piggin A small wooden dipper; also a small wooden pail with a long handle
pole A varying unit of length, esp. one measuring 16-1/2 feet
pone In old English law, a writ whereby an action pending in an inferior court might be removed for trial to a superior one; a writ whereby a sheriff was ordered to take security of a man for his appearance at a specified time.
porringer A small metal vessel for porridge, etc., esp. one for child
pottle Formerly a liquid measure equal to a half gallon; a pot or tankard having this capacity
pound (£) Monetary unit of Great Britain; equal to 1 sovereign, 20 shillings
£.s.d. Librae solide denarii - stands for pounds/shillings/pence. (you will find these symbols at the top of all columns in estate inventories)
provender Dry food for livestock; to provide with food; to feed; to fodder
reap A small bundle of grain
refractory Stubborn, obstinate, hard to manage (used in reference to slaves)
relict Widow
riddle To separate or sift as grain from the chaff
remise To give, grant or release a claim to: deed
rod Equal to 16.5 feet
rundlet A small barrel or cask of varying capacities (archaic); the amount of liquor contained in this an old British liquid measure usually taken as equal to about 18 wine gallons (archaic)
scimitar A saber made of a curved blade with the edge on the convex side and used chiefly by Arabs and Turks (in one Will it was left to his son).
seize To vest ownership of a free hold estate; seizer: one that seizes; seizure: to take possession of person or property by legal process
seizin To seize. In law: possession, specifically possession of a freehold estate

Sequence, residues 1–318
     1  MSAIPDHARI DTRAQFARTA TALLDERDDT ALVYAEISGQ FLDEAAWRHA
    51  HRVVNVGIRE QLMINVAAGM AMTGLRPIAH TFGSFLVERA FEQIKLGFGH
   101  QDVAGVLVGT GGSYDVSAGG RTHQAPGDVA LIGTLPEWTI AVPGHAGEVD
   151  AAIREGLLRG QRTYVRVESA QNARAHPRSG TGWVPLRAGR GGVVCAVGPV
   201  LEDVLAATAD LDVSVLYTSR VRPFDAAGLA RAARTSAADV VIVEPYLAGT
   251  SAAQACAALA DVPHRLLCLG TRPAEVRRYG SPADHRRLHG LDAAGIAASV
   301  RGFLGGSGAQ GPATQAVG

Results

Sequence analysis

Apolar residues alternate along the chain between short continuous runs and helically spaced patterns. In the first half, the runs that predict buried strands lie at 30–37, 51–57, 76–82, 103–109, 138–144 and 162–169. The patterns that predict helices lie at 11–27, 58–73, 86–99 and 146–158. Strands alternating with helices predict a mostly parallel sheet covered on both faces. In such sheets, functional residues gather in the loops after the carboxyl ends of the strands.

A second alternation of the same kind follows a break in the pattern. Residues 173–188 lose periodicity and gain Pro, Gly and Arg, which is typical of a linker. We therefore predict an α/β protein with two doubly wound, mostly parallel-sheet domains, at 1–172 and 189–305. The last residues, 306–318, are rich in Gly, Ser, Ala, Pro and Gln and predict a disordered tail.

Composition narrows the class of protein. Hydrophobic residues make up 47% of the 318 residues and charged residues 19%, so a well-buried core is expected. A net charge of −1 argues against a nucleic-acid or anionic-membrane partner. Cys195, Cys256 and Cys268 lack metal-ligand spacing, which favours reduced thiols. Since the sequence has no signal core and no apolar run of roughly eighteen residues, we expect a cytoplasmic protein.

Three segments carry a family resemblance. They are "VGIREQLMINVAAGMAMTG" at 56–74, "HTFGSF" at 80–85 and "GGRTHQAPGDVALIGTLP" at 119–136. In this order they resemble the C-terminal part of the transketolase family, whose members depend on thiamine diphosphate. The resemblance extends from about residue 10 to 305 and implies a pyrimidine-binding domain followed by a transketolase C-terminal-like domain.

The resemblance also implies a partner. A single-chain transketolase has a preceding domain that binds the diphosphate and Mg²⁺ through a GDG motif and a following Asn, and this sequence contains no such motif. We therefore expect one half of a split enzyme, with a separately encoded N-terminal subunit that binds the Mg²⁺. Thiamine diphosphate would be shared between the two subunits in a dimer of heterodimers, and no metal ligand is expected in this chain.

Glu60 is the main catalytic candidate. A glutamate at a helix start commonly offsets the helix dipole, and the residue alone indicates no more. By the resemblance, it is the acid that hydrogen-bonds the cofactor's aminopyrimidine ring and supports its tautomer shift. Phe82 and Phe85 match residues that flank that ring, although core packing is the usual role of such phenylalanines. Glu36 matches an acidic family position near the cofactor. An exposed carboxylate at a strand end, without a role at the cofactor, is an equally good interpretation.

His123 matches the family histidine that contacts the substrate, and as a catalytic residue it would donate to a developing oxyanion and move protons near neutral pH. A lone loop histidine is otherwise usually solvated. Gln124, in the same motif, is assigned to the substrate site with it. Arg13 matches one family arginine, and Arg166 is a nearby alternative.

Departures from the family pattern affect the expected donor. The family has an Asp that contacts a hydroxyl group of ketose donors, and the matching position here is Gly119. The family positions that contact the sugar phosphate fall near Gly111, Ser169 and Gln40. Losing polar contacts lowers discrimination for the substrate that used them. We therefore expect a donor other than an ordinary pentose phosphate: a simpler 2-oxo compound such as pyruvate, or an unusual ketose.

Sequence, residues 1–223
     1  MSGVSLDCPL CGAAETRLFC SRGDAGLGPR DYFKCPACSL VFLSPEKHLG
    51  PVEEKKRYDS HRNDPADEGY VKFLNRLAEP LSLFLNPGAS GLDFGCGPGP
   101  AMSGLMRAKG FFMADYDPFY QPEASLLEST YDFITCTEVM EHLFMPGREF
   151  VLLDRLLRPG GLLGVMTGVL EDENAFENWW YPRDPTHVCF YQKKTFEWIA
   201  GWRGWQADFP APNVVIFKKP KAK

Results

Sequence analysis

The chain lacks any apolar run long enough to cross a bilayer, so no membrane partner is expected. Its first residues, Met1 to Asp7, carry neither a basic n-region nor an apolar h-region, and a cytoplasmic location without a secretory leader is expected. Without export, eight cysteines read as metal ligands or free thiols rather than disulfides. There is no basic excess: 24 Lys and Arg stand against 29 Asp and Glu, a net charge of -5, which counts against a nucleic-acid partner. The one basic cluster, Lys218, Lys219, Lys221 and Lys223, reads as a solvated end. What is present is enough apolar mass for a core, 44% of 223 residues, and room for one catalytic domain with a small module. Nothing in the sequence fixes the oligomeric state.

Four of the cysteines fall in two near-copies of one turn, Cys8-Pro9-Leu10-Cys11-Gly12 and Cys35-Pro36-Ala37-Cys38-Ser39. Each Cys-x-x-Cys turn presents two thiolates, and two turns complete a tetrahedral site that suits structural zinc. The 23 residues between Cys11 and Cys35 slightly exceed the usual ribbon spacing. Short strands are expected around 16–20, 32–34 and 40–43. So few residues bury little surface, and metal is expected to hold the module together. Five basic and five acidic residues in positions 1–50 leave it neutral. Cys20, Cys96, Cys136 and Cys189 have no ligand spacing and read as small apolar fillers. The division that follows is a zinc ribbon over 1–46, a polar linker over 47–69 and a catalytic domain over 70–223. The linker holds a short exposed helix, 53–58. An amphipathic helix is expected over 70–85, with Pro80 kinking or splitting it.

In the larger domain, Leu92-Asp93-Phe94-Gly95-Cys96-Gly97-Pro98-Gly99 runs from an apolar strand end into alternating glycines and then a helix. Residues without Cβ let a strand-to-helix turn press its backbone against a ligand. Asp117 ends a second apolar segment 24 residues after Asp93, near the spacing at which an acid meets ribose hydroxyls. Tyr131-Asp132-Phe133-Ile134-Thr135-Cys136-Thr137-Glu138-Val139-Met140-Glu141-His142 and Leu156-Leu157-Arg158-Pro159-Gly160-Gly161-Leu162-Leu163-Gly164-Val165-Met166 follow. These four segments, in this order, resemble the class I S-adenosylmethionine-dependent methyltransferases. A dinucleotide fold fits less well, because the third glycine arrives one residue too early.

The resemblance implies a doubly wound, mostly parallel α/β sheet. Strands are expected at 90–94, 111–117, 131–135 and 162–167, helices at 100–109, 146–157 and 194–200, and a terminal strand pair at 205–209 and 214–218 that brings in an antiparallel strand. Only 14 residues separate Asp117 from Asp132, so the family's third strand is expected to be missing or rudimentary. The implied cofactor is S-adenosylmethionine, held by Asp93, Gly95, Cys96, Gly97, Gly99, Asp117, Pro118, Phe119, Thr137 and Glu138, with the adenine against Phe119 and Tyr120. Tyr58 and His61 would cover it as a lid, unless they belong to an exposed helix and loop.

shilling Monetary unit of Great Britain; one shilling equals 12 pence; 1/20th of a pound; written, i.e.: 15/ = 15 shillings.
shoat A young hog
shuck The covering shell or husk of corn; to shuck (corn) is to remove the outer covering.
sickle Cutting tool consisting of a crescent-shaped blade with a short handle used for cutting down tall grasses & weeds
skein A quanatity of thread, silk or yarn wound in a coil (in one inventory it was spelled scains)
socage A tenure of land by agricultural service fixed in amount and kind or by payment of money rent only and not burdened with any military service.
specie A form of payment in gold, silver or other coin as distinguished from paper money
spider A frying pan, originally one with attached legs for use over an open fire
steelyard A balance or scale consisting of a metal arm suspended off center from above: object to be weighed is hung from the shorter end, & a sliding weight is moved along the graduated longer end until whole arm balances.
subjoin To add at the end; to add after something has been said or written; to append (as an item subjoined to a Will)
suite (suit) Suite is archaic form of suit. Action to secure justice in a court of law; attempt to recover a right or claim through legal action
suithold In feudal law, a tenure granted for attendance and services rendered a superior lord
tallow The harder and less fusible fat in cows, sheep, etc; it is used to make candles, soap, etc.
tobo An abbreviation used for tobacco
traces Either of two straps, chains, etc. connecting a draft animal's harness to the vehicle drawn
truss A bundle of hay, especially one of a certain weight (usually 50-60 pounds)
truss hoop In nautical usage, a hoop round a yard or mast to which an iron truss is fixed (this is the only definition I could find for "trus hoops" which was listed in an inventory).
unfeignedly Sincere
viz or vizt An abbreviation for videlicet meaning: That is to say; namely
voc vin Voc stands for vocative (haven't figured out what vin is)
wafer An adhesive disk of dried paste with added coloring matter used as a seal.
William, III, King King William III, b. 1650; d. 1694 of small pox; addressed Parliament on 31 Dec 1701. King of Eng. 1689-1702
&c. Latin for et cetera; meaning: and others; and so forth; (can be found at the end of all early Wills)
/ Symbol used to indicate shillings, i.e. (15/)